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Coupling - The Complete Seasons 1-4
Known as: Coupling: Complete Series
Online Status: Unknown
Price at time of addition: Unknown
Category: TV SERIES
Rating: NR (Not Rated)
Running Time: 835 minutes
Studio: BBC Warner
Theater Release Date: 2001-09-01
Origional Release Date:
Aspect Ratio: 1.33:1 (Full Screen)
Director: Martin Dennis
Date last watch:
Date Added: 2010-09-04
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All Customer Reviews
The comical adventures of six friends and their relationships with each other.
This witty, instantly addictive British series could also be called Chaps or Squelchy in the City. Coupling charts the tangled sex lives of a close-knit group comprising "exes and best friends": womanizer Jack, hapless nice guy Steve, "strange and disturbing" Jeff, uninhibited Susan, neurotic Sally, and manipulative Jane. Coupling may inspire feelings of dÃ©jÃ -view. The obvious frame of reference is Friends (Steve and Susan are the Ross-Rachel equivalent), but this series also echoes Seinfeld in its coinage of catch-phrases (although it's doubtful that "the boyfriend zone" will replace "master of your domain") and plotlines (in episode one, Steve tries to dump Jane, who refuses to accept). But Coupling has its own fresh and provocative takes on relationships. At one point, a furious Susan discovers that Patrick not only had a videotape of the former couple having sex, but that he also taped over her.
Steven Moffat's second season is a brilliant consolidation of all those neuroses, small deceits, obsessions, and personality tics that struck such a resonant chord when Steve, Susan, and their four friends were first unleashed on us. Comparisons with Friends itself are tiresome and lazy: Coupling is an intrinsically British comedy that picks apart the trivial and the mundane in everyday relationships and takes them on surreal journeys, leaving the participants hilariously bemused and rarely any wiser. Its success is due to the magical combination of Moffat's very funny scripts and the talents of six extremely likable actors, including Jack Davenport (Steve) and Sarah Alexander (Susan). But it's Richard Coyle's Jeff whose sexual fantasies exert a compelling fascination that will really keep you watching in disbelief. Breasts, bottoms and pants are the basis for most of the conversational analysis when these friends get together as a group, as couples, as girlfriends, or as mates, invariably becoming metaphors for the state of a relationship or situation. Individual viewpoints and terrors are explored through respective memories of the same event and what-if scenarios. Chain reactions inevitably ensue, fuelling comedy that is based almost entirely on misunderstanding.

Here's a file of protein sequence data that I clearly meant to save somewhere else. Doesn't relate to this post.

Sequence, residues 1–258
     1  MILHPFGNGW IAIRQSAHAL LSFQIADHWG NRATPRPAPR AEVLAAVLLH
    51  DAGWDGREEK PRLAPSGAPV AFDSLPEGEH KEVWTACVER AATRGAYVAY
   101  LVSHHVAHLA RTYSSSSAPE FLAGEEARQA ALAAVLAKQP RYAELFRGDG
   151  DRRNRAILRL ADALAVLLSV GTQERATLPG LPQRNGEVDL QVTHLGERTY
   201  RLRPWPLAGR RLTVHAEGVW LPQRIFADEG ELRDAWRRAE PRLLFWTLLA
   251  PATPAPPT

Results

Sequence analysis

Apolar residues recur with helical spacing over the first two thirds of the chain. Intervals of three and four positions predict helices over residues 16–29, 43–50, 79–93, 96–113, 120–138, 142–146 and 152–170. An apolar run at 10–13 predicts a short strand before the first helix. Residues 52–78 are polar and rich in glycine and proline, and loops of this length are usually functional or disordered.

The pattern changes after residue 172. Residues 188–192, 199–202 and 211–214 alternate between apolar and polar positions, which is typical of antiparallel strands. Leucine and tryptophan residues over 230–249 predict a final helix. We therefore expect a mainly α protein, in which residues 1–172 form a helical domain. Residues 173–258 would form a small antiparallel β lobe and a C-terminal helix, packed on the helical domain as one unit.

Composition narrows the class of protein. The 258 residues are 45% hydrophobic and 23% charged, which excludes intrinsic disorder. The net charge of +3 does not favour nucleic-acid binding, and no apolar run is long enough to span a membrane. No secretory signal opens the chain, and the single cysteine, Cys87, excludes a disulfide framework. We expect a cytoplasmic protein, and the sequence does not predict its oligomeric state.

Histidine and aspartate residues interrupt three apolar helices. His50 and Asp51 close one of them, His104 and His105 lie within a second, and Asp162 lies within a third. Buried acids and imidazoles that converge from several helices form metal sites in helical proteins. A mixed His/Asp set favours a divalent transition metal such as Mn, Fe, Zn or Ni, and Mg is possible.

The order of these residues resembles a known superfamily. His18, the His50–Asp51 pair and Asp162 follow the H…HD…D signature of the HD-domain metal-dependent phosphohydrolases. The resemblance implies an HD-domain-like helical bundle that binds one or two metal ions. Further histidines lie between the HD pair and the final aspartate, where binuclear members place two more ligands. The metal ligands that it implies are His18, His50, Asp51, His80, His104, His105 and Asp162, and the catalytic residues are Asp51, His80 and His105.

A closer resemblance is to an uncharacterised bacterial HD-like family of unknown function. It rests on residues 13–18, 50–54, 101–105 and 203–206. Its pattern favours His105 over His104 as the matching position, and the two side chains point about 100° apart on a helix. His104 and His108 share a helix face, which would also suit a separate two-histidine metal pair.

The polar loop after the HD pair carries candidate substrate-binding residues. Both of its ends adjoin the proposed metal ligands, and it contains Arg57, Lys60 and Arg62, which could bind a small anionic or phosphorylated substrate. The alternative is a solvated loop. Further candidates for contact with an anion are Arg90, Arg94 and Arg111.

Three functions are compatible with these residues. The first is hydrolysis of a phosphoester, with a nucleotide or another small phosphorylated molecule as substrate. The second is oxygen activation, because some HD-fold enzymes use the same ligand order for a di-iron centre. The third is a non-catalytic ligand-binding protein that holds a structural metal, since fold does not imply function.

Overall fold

The third series of Coupling, first aired in 2002, takes fans into new realms of engaging surrealism. The men are constantly in pursuit of a basic grasp of the "emotional things" that make women behave the way they do. The women analyze everything to death. But thanks to Steve Moffat's scripts, tighter and quirkier than ever, these characters are living, breathing human beings rather than cynical ciphers for comedy stereotypes. The performances are as strong as you'd expect from an established team, with actors such as Jack Davenport, Ben Miles (unreconstructed chauvinist Patrick), Sarah Alexander, and Kate Isitt (neurotic Sally) wearing their roles like second skins. But in the surreal stakes, it's Richard Coyle as Jeff, wondering aloud what happens to jelly after women have finished wrestling in it, and Gina Bellman as Jane, musing on the importance of a first snog in identifying what men like to eat, who really raise the laughter levels. All things considered, this is superior comedy for all thirtysomethings--genuine and putative.
Series 4: Feel free to insert your own "four-play" joke, or for that matter, your own "insert" joke. Sex is still topic 1 for the intertwined group of "exes and best friends," but in this pivotal season there are momentous "relationship issues" that will upend all their lives (insert your own "upend" joke while you're at it). Susan is pregnant, inspiring in Steve nightmares about his own execution and unflattering comparisons of the birth process to John Hurt's iconic gut-busting scene in Alien. Missing in action is the Kramer-esque Jeff (although he makes something of a return in the season finale). Joining the ensemble is Oliver, who is more in the Chandler mode as a lovable loser with the ladies. These inevitable comparisons to "Sein-Friends" are no doubt heresy to Coupling's most devoted viewers. Indeed, this series does benefit from creator and sole writer Steven Moffat's comic voice and vision. He provides his ever-game cast some witty, funny-'cause-it's-true dialogue, as in Oliver's observation that "Tea isn't compatible with porn." This Britcom is also less inhibited in language and sexual situations than its American counterparts. In the cleverly-constructed opening episode, in which the same "9-1/2 Minutes" are witnessed from three different perspectives, Sally and Jane can do what was left to the imagination when Monica and Rachel offered to make out in front of Joey and Chandler. The birth of Susan and Steven's baby ends the six-episode season on a satisfying and surprisingly moving grace note. A bonus disc takes viewers behind the scenes with segments devoted to bloopers and interviews with cast and crew.
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